Motors are often installed in loud environments or at remote locations, and so simply relying on the sound of a running motor to tell an operator its status is unreliable. To aid with this, we can connect pilot lights in our control circuit to indicate the running status of a motor. Pilot lights that are installed in the control circuit in parallel with the motor starter will be energized when the motor is energized. These are often referred to as motor running lights.
Pilot lights must NEVER be installed in series with motor starters; the motor starter might not have enough voltage to pull in, and if the filament in the pilot light burns out, it will create an open in series with the rest of the circuit.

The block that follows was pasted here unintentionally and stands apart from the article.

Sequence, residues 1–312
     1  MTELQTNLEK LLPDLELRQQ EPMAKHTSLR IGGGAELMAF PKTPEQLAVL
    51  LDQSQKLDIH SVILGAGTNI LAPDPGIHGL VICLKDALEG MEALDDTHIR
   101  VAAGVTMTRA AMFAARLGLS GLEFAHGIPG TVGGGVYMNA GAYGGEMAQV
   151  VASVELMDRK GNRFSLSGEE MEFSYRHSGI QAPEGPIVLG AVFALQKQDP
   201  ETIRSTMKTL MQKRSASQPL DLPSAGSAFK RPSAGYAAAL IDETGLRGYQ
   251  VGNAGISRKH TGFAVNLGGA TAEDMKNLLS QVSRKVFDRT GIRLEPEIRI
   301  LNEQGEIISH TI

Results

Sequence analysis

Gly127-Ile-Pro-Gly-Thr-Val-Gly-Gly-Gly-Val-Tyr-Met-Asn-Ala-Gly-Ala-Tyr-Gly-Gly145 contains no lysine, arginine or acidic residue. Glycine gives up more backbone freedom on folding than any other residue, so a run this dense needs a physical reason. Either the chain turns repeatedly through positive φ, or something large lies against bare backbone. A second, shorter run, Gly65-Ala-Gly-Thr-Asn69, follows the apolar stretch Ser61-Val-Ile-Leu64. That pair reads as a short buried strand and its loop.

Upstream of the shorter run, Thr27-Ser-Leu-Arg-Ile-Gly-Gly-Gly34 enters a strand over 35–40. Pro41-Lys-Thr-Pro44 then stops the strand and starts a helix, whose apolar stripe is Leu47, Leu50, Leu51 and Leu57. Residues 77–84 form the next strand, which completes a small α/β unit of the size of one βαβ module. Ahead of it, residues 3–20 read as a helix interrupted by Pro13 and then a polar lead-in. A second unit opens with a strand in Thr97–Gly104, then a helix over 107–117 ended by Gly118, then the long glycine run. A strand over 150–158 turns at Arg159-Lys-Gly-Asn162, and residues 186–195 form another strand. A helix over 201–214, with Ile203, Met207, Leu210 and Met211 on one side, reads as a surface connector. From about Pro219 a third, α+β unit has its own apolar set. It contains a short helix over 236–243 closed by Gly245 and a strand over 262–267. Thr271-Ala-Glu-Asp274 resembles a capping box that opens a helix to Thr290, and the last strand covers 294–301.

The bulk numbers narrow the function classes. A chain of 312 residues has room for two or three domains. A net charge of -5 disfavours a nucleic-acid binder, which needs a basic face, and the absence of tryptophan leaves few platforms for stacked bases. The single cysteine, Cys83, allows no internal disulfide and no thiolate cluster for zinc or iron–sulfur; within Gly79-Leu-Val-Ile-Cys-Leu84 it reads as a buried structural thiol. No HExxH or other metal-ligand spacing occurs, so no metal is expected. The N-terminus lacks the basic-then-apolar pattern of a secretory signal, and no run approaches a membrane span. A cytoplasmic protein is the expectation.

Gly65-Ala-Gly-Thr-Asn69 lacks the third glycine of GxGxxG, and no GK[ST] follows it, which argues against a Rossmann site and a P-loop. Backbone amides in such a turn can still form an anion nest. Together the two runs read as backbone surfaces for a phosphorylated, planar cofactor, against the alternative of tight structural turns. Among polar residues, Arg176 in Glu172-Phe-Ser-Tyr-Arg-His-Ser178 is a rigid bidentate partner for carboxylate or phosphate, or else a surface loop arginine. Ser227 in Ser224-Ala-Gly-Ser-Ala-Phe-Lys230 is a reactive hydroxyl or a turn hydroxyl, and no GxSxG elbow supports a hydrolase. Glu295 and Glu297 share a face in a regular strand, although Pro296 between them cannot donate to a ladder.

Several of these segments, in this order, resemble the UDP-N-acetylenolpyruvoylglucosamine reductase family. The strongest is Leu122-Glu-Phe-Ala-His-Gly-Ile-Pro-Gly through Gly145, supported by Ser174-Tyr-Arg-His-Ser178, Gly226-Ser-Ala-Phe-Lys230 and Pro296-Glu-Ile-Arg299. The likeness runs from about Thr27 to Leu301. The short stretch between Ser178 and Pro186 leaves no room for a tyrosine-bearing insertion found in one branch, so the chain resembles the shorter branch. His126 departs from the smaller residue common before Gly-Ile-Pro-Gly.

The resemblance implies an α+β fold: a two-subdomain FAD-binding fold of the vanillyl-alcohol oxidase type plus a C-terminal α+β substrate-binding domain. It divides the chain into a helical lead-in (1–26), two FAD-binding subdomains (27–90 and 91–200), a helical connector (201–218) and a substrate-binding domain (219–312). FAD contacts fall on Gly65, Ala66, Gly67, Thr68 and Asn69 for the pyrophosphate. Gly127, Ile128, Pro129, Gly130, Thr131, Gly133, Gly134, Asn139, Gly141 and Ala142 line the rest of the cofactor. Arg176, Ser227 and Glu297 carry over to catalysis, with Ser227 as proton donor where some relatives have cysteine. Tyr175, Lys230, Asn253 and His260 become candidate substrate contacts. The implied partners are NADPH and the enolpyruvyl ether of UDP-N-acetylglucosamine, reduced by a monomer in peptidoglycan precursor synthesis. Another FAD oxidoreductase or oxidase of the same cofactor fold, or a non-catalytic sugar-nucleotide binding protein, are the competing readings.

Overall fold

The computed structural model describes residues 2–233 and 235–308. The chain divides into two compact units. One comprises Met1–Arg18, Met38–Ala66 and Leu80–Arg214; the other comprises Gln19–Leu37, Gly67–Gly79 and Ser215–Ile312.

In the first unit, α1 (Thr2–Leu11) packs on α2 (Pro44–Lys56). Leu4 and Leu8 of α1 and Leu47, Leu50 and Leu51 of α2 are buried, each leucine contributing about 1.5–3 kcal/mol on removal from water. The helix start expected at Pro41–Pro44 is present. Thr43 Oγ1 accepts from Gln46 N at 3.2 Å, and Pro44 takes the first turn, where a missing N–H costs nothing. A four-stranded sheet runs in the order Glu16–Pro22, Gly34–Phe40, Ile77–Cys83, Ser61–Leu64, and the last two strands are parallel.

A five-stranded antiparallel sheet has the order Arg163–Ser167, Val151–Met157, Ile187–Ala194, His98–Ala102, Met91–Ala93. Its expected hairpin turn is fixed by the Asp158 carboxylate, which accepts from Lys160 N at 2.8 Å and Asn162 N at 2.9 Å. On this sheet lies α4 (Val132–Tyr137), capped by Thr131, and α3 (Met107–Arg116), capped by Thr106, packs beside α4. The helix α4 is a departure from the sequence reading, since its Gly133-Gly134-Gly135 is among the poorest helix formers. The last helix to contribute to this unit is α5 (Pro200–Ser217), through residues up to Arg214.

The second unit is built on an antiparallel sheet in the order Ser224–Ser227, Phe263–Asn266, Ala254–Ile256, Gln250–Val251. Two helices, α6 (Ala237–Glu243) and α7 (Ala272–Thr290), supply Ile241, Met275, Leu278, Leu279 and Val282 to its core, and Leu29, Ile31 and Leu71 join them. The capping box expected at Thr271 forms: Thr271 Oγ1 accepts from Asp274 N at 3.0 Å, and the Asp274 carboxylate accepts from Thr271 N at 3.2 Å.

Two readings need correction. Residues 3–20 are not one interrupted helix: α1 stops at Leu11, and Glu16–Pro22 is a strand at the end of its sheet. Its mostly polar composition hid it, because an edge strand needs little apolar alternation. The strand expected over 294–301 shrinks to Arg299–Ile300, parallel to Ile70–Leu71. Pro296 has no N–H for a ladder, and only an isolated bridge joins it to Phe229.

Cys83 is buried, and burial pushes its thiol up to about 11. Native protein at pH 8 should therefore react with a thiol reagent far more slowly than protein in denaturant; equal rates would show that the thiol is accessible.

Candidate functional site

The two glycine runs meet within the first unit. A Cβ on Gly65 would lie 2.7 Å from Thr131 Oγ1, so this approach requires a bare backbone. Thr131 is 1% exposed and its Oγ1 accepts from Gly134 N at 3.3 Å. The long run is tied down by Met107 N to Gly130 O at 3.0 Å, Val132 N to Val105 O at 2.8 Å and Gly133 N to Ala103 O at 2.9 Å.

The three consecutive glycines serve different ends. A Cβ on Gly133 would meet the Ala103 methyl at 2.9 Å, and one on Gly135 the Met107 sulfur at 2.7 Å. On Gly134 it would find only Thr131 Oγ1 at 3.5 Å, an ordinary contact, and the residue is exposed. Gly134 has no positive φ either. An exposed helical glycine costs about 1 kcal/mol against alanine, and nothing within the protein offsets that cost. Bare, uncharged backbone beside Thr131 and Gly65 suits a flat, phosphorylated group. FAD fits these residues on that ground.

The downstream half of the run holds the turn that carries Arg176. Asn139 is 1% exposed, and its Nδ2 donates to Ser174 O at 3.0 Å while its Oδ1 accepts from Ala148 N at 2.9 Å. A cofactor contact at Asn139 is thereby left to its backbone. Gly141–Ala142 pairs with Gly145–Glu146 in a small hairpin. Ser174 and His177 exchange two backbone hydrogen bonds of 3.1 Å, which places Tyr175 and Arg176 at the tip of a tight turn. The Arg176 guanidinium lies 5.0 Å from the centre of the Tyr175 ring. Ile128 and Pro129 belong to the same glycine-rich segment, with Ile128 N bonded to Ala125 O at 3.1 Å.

Motor starters often come with auxiliary contacts beyond the normally open 2-3 holding contacts, and if not, many starters can have additional auxiliary contacts added to them.
If a motor starter has a set of normally closed contacts these can be wired in series with a pilot light. As long as the motor starter is not energized, the contacts will remain closed and the light will be on. This can indicate to an operator that a motor is in the off or de-energized condition
Basic Motor Control by Aaron Lee and Chad Flinn is used under a CC BY 4.0 Licence.